Did I also mention that that Doe was despatched more than a kilometer away from where she'd taken the shoot, and that was as the bird flies, the doe had probably covered twice that distance before we got close enough to dispatch her. The only reason that I was able to dispatch her was that she stumbled and had problems getting up again, which allowed me to get close enough to do the necesary.

Please note that these were only Roe deer and not Whitetails or bigger, I'd rather have the .308 win. as an ex soldier with the British Army, and having seen on the Northern Ireland training what that round (FMJ not JSP) does to a double cavity wall, I know that I'm using the right caliber.

be good

noway
09-10-2004, 10:24
Ironic that the 243 is one of the most common starter deer calibers due to it recoil characteristics. If you shot a deer in the right spot it will goe down. Alot of teens and females have used this caliber in taking of a deer.


FWIW: another good deer caliber ( technically not a caliber ) are 12 and 20gauges. Shotguns firing slugs are one of the best deer stopper, but at disadvantage of the maximum range is less than a rifle due to trajectory.

paynter2
09-10-2004, 13:54
Toemag: I'm not disagreeing with you. I don't like the idea of someone trying to kill two animals with one bullet.

I'm not a bit surprised by the fact that the .243 bullet was too spent to kill animal number 2. I think maybe you missed my point. I'll try again. ;)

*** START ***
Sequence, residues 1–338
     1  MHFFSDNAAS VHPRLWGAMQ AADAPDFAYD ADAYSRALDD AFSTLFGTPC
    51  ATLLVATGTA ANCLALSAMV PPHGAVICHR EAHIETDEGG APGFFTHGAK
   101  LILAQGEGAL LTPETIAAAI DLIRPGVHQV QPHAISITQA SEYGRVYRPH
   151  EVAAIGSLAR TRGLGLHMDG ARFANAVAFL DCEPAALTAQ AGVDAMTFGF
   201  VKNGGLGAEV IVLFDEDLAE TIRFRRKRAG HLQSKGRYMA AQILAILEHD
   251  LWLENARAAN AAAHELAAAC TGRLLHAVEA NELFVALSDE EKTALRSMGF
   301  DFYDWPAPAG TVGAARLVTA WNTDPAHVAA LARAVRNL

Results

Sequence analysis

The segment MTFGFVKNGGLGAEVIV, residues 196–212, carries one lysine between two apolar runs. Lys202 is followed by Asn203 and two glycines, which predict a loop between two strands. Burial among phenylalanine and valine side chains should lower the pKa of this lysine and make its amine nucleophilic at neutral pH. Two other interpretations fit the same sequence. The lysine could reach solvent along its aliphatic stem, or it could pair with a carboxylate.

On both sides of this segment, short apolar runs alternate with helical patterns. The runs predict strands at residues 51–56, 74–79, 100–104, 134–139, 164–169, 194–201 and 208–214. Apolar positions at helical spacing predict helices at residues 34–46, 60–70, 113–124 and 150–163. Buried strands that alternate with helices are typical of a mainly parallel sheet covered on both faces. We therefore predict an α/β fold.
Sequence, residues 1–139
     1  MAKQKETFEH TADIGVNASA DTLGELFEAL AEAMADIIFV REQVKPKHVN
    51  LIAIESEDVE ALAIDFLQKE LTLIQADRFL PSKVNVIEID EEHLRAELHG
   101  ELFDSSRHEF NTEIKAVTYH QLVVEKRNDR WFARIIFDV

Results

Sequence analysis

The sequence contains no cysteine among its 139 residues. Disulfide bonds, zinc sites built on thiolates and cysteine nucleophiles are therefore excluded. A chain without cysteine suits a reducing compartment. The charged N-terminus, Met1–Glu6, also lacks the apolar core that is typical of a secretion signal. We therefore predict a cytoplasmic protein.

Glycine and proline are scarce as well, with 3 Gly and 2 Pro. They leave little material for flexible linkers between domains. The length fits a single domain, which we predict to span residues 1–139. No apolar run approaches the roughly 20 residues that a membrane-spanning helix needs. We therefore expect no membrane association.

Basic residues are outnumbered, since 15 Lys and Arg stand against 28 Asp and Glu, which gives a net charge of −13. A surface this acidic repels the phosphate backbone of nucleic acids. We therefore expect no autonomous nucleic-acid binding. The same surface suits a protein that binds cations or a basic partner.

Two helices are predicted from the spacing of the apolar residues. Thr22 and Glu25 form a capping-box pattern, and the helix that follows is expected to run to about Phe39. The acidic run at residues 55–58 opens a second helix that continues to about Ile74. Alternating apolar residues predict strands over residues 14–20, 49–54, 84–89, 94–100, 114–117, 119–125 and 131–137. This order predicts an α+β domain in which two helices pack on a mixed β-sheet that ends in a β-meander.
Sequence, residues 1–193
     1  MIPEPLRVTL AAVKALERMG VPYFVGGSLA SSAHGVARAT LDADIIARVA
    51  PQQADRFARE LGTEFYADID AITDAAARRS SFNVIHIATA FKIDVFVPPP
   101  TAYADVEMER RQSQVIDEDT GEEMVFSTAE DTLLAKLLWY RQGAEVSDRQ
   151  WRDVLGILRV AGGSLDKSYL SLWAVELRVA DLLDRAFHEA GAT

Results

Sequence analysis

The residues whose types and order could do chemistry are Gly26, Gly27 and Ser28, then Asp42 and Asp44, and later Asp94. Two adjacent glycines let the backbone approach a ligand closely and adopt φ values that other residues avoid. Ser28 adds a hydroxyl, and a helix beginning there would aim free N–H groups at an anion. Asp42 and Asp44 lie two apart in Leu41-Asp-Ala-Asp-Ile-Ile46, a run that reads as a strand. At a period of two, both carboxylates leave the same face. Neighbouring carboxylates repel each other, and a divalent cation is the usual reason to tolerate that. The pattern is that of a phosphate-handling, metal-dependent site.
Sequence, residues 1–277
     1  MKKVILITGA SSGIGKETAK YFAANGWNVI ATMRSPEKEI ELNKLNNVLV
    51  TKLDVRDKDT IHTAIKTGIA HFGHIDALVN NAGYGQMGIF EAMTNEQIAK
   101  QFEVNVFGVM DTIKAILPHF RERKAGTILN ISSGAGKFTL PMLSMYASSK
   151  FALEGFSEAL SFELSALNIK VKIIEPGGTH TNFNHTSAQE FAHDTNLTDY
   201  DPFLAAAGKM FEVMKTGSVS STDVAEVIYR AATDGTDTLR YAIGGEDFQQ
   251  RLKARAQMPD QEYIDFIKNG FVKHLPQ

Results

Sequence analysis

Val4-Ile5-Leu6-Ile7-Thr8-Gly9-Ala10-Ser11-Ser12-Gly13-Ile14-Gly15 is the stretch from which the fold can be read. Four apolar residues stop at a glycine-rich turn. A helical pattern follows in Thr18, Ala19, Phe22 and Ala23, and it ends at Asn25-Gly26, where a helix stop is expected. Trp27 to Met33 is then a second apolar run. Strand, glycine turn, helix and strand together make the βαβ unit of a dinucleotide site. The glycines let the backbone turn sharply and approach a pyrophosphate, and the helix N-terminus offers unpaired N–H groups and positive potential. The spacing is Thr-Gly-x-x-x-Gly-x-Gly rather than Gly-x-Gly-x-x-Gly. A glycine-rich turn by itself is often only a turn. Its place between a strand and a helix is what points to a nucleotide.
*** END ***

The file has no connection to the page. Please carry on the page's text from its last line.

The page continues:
Being less powerful, than say a 30-06, may be why the .243 appears to kill deer so well. If a bullet stops in the deer - as my .243 bullets usually do, then the deer absorbs 100% of the energy. If the bullet exits (as my 30-06 routinely did), than how much energy is delivered to the deer? - probably less than the .243 which stops inside the animal.

.308 is a great round, so is the 30-06, .270, etc, etc... I'm just trying to point out why the .243 seems to be so lethal on deer sized critters.

toemag
09-10-2004, 14:02
Hiya Paynter 2,

You are 100% right, sorry if I misinterpreted what you said.

Tony

lomfs24
09-11-2004, 20:55
It seems that .243 seems to be the common caliber that everyone believes you shouldn't go under. That being said I won't even say what I use, it is smaller than a .223. I have killed 3 deer a year for that last 6 years with it too. I have never lost one and I have never had one even take a step. Bullet placement, not caliber, is what makes a deer go down. I mean, isn't that the real gun control.